Universal Design for learning<br />Presented by<br />Kristin Jurich<br />
What is UDL?<br /> “UDL provides a blueprint for creating instructional goals, methods, materials, and assessments that work for everyone--not a single, one-size-fits-all solution but rather flexible approaches that can be customized and adjusted for individual needs” (CAST, 2011).<br />
UDL’s Inspiration<br />Universal design “refers to the movement within architecture and product development to create places or things that are accessible to as many people as possible, including those with disabilities” (Advocacy Institute, 2008-2010).<br />UDL provides educators with the opportunity to create lessons to reach all of our learners in multiple ways.<br />
The 3 Principles of UDL<br />Principle<br />Classroom Examples:<br />1. "Provide multiple and flexible methods of presentation to give students with diverse learning styles various ways of acquiring information and knowledge“(Advocacy Institute, 2008-2010).<br />2. "Provide multiple and flexible means of expression to provide diverse students with alternatives for demonstrating what they have learned“ (Advocacy Institute, 2008-2010).<br />3. "Provide multiple and flexible means of engagement to tap into diverse learners' interests, challenge them appropriately, and motivate them to learn“ (Advocacy Institute, 2008-2010). <br />Visual aids, short videos, podcasts, and WebQuests.<br />PowerPoint, written report, commercial, and concept map.<br />Video clip/Brainpop, interactive KWL chart, and WebQuest.<br />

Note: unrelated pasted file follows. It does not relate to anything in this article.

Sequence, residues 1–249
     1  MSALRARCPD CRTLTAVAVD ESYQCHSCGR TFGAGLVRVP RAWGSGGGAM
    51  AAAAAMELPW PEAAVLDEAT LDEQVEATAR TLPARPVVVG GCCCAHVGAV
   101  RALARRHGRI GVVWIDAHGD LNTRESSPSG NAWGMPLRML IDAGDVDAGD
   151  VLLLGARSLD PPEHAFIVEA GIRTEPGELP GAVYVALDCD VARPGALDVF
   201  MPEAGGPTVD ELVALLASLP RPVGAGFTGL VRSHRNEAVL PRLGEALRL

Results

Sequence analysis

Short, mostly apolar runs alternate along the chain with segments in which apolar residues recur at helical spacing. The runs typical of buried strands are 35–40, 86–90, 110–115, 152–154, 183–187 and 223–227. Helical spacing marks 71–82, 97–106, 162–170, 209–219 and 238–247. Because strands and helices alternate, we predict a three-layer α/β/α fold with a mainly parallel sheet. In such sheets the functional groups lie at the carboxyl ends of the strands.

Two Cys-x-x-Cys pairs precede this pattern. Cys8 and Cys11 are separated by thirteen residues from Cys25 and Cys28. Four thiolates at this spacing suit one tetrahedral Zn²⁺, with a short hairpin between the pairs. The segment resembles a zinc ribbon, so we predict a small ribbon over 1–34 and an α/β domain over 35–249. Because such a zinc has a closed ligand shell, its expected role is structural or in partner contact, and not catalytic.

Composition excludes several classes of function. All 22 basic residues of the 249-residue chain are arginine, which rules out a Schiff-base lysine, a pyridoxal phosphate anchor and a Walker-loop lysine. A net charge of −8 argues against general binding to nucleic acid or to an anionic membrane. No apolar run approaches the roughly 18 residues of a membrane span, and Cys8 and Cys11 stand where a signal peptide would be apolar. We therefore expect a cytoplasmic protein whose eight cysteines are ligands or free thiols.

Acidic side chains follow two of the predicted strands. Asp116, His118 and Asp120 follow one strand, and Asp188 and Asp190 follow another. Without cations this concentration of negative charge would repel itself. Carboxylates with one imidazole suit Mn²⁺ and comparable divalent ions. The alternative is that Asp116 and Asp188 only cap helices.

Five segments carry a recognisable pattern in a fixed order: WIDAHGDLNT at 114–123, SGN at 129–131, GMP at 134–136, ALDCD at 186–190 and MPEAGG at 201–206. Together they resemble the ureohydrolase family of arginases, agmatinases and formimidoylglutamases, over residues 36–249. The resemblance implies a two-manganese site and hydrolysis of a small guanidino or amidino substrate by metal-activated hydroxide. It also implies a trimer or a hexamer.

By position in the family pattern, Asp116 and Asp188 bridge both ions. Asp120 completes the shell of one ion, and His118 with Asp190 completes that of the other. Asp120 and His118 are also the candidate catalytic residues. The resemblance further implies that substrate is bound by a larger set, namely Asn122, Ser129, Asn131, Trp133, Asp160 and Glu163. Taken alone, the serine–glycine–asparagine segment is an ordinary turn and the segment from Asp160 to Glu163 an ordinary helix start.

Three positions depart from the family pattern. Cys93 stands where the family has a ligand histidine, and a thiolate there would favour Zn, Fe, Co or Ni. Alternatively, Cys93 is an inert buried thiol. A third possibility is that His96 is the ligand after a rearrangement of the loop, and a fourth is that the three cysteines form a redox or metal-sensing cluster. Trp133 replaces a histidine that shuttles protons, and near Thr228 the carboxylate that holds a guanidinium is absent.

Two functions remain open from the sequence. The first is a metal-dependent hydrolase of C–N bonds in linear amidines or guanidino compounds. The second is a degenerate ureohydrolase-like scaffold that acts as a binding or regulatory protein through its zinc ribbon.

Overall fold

Technology’s Role in UDL<br />Technology "enables easier and more effective customization of curricula for learners“ (Rose, 2011).<br />Information is targeted at each student’s level, which motivates them to learn.<br />Provides students with several different ways to demonstrate their understanding of new concepts.<br />Students are given the resources to help them feel more confident in completing a task that seems to be difficult. <br />Created with CAST’s UDL book builder<br />Bookbuilder.cast.org<br />